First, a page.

GREAT FALLS — A Utah man who towed a camper to the Fort Peck Indian Reservation and trafficked methamphetamine in the community was sentenced today to 51 months in prison and three years of supervised release, U.S. Attorney Kurt Alme said.
Jeffrey Allen Dabb, 39, of Ogden, Utah, pleaded guilty on Sept. 1 to conspiracy to possess with intent to distribute meth.
Chief U.S. District Judge Brian M. Morris presided.
In court documents filed in the case, the prosecution said that Dabb, and his co-defendant, Andrew Michael Gomez, towed a camper from Utah and rented a vacant lot on the reservation. In August 2019, a Wolf Point Police officer received information about drug activity on property where the camper was parked. The officer obtained a tribal search warrant to enter the property and seize the camper. Dabb, Gomez and another individual were in the camper. Dabb said that they were in the area to work in the North Dakota oil fields and denied there was anything illegal in the camper.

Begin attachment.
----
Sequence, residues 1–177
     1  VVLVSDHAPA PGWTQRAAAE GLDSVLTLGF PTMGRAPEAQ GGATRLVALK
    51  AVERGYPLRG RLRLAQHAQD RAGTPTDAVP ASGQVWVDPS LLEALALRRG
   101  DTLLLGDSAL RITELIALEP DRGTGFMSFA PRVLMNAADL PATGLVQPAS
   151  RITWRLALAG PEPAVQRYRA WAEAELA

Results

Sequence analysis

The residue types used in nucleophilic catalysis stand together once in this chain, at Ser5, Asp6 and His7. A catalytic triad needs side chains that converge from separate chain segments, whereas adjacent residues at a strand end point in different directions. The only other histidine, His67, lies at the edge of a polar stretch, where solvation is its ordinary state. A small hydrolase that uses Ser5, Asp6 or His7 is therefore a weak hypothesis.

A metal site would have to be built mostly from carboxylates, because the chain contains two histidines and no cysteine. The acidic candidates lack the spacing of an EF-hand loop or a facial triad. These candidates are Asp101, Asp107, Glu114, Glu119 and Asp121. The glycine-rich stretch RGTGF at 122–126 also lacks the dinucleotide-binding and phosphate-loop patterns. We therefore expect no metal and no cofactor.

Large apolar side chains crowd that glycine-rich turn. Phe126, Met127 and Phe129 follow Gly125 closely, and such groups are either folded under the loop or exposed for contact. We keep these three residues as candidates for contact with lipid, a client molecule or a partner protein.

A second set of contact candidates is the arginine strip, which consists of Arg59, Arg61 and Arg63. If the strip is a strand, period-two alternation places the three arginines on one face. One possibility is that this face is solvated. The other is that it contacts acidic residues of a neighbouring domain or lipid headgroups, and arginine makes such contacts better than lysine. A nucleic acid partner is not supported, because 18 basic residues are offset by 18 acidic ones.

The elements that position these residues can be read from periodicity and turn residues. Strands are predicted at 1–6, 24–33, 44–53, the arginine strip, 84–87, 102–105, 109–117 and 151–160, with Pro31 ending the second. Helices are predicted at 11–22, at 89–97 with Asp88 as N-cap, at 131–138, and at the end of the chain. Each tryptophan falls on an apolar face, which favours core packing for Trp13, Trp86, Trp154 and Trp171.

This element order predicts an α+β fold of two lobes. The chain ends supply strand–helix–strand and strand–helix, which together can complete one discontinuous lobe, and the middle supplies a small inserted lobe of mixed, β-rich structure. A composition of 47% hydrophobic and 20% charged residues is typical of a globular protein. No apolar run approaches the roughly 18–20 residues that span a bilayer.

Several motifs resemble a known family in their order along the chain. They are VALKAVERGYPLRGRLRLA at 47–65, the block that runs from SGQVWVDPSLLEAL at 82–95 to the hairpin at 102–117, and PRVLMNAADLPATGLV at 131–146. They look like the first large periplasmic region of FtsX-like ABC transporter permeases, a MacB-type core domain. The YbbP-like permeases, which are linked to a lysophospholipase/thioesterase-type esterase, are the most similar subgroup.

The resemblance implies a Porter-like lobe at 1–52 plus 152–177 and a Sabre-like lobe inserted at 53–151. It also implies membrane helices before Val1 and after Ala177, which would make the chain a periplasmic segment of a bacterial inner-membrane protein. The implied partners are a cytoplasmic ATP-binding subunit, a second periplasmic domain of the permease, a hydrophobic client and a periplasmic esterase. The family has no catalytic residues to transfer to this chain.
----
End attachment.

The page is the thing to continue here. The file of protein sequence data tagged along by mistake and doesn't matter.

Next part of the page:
During a search of the camper, law enforcement found more than 6.5 ounces of meth, drug ledgers, electronic money transfer receipts showing money wires to individuals in Utah, a set of brass knuckles with a built-in knife, scales, baggies and other drug paraphernalia.
Gomez pleaded guilty in the case and is awaiting sentencing.
Assistant U.S. Attorney Ethan Plaut prosecuted the case, which was investigated by the FBI and Fort Peck Law Enforcement Services.
This case is part of Project Safe Neighborhoods, a U.S. Department of Justice initiative to reduce violent crime. According to the FBI’s Uniform Crime Reports, violent crime in Montana increased by 48% from 2013 to 2019. Through PSN, federal, tribal, state and local law enforcement partners in Montana focus on violent crime driven by methamphetamine trafficking, armed robbers, firearms offenses and violent offenders with outstanding warrants.
Clair Johnson Howard
Public Information Officer